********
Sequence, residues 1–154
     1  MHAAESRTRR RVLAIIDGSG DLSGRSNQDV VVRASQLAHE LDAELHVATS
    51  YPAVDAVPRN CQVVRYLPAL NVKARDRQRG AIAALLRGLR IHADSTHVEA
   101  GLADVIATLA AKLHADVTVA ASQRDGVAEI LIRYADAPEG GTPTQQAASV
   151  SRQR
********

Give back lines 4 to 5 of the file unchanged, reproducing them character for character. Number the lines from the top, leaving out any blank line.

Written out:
   101  GLADVIATLA AKLHADVTVA ASQRDGVAEI LIRYADAPEG GTPTQQAASV
   151  SRQR